Getting Started l Types l Features
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Of all the items you'll need for your baby, a crib is one of the most challenging to choose. There's a wide array of styles and price ranges. Unlike bassinets, cradles, and bedside sleepers, cribs are the only beds for babies that are required to meet federal government mandated standards.
While you might consider a bassinet, cradle, or bedside sleeper at first (some common alternatives for your baby's first four months or so), your child is safest in a crib. Certification by the Juvenile Products Manufacturers Associate on a bassinet can offer a layer of protection that uncertified models cannot, but a JPMA label is no guarantee of safety. We don't recommend bedside sleepers (also referred to as "co-sleepers") at all because there are neither voluntary nor mandatory standards covering them. This crib guide will help you to make your buying decision.
Basic is best
The safest cribs are basic, with simple lines and no scrollwork or finials-infants can strangle if their clothing gets caught in such detail work. Heeding this advice will get you a safer crib-and save you money. Recent recalls have raised concerns about the safety of cribs with drop sides. We recommend that you look first for a crib with stationary sides until more stringent and comprehensive safety standards are developed. Consumer Reports' tests, which are based on the existing safety standards, do not address the durability issues associated with some recent recalls that could affect safety.Buy new
If possible, avoid buying or accepting a used crib. Older models might not meet current safety standards or might be in disrepair. If you must use an older crib, avoid those built before 2000, about a year after the latest voluntary standards for slat-attachment strength took effect. By law, the production date of the crib has to be displayed on the crib and on its shipping carton.
Still, be on the lookout for safety hazards. Even when you're buying new, bring a ruler with you when you shop. If the spaces between the slats -- or anywhere else on the crib -- are greater than 2 3/8 inches (2.375 inches) wide, they are too far apart. If you buy online, measure any openings immediately when the crib arrives at your home.
Check for sharp edges and protruding screws, nuts, corner posts, decorative knobs, and other pieces that could catch a baby's clothing at the neck. Buying new could help to protect your baby from hidden dangers such as drop sides, slats, or hardware that might have been weakened by rough use, or excessive dampness or heat during storage.
Check construction and workmanship
The simplest in-store test is to shake the crib slightly to see if the frame seems loose. But be aware that display models aren't always as tightly assembled as they could be. Without applying excessive pressure, try rotating each slat to see if it's well secured to the railings. You shouldn't find loose bars on a new crib, or any cracking if they are made of wood.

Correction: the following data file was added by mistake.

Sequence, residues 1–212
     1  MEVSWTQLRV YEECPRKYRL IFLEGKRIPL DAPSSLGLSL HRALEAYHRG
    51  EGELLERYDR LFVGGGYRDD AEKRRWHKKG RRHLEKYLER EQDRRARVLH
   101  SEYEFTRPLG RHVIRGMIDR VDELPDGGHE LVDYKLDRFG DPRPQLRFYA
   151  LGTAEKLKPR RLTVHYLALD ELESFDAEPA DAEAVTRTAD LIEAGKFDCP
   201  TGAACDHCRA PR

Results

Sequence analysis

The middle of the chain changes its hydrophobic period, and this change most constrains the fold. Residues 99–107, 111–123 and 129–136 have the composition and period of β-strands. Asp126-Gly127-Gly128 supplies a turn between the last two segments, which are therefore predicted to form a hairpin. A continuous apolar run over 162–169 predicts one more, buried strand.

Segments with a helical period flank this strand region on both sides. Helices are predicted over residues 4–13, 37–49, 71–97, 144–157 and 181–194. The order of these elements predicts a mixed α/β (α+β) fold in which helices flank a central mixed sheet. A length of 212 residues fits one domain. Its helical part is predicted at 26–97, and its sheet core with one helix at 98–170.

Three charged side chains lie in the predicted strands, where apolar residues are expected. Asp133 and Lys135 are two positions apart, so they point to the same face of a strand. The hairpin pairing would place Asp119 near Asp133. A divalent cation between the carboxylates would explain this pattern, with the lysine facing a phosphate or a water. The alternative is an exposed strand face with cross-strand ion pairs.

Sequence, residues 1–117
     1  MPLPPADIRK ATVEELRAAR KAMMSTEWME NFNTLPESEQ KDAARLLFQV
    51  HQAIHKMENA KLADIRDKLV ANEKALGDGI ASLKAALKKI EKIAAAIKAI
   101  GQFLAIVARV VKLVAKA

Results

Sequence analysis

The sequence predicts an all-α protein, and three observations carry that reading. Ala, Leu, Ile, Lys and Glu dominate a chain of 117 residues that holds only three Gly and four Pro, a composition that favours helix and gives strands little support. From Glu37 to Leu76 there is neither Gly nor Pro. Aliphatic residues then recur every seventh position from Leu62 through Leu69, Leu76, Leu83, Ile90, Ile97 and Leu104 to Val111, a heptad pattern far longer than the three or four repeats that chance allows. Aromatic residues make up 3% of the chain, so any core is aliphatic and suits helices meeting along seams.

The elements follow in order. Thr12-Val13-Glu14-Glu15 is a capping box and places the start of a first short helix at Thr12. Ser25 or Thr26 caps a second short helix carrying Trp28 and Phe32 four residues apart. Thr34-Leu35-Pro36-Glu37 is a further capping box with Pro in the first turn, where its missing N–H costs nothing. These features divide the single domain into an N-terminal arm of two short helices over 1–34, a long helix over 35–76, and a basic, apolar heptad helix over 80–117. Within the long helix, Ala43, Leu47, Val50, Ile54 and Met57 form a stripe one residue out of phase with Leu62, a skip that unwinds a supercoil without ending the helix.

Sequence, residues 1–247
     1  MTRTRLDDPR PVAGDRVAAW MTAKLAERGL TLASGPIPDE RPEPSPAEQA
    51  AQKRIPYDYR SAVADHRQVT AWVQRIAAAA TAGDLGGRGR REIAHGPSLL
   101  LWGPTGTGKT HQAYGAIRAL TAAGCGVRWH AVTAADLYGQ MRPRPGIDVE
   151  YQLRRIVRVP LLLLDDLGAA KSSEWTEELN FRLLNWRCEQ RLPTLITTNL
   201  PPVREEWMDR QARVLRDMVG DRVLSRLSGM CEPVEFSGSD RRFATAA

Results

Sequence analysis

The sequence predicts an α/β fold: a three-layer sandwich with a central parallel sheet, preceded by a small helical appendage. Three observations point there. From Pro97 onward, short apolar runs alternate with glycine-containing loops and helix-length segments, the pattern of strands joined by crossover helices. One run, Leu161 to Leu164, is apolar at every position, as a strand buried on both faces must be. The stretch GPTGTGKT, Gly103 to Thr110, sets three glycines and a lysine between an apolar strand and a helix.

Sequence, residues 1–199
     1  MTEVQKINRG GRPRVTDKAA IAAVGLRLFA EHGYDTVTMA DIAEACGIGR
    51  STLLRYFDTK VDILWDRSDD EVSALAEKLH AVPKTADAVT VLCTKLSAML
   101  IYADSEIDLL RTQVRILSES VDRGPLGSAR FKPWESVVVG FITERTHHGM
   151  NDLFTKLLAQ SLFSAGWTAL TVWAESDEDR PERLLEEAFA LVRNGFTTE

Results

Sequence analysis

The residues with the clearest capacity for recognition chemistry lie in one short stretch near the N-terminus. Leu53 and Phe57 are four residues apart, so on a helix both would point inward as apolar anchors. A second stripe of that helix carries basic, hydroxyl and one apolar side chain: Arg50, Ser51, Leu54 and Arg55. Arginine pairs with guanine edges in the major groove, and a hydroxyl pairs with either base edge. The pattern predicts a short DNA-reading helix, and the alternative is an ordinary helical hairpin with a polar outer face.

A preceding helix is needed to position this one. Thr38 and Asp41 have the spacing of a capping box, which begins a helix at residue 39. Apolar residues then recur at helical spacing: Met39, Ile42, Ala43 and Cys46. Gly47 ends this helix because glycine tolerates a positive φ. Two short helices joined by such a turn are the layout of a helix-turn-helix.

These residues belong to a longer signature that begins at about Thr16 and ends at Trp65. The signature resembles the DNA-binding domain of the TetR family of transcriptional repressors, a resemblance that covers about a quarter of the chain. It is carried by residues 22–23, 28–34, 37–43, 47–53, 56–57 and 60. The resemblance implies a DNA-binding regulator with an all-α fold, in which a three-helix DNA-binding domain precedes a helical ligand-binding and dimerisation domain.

Buy the mattress at the same time
In the store, pair the mattress and crib you plan to buy to make sure that they're a good fit. (Mattresses typically are sold separately.) By law, a mattress used in a full-size crib must be at least 27 1/4 inches wide by 51 5/8 inches long and no more than 6 inches thick. Still, do a quick check. If you can place more than two fingers between the mattress and the crib frame, the fit isn't snug enough.
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Arrange for assembly
Cribs are shipped unassembled, so if you're not sure that you can put a crib together correctly (typically a two-person job that requires up to an hour-from unpacking to complete assembly), ask the retailer to send a qualified assembly crew to your home. That can cost an extra $70 or more unless assembly is included in the retail price, but it can give you valuable peace of mind. Besides saving tempers and fingers, crib assembly by the store allows you to inspect the crib on the spot-and reject it if you discover flaws.
Assemble the crib or have it assembled where your baby will be sleeping initially, such as in your bedroom (recommended for your baby's first six months). Once it's put together, the crib might not fit through a small doorway, and you might need to disassemble and reassemble it in your baby's nursery six months later. Having the baby in your room might not be convenient, but you'll have the reassurance that your baby is sleeping in the safest possible place.
Adjust the mattress to the right height
Most cribs have this feature, some with only three levels and some with several levels. The higher levels make it easier to take your infant out of the crib but become dangerous when your child is able to pull herself to a standing position. Before your child reaches that stage-about 6 months-the mattress should be at its lowest setting. Bumper pads and large toys help your little escape artists to climb out, which is another reason that they don't belong in the crib.
Place your baby's crib well away from windows, window blinds, wall hangings, curtains, toys, and other furniture so that an adventurous baby can't get to anything dangerous.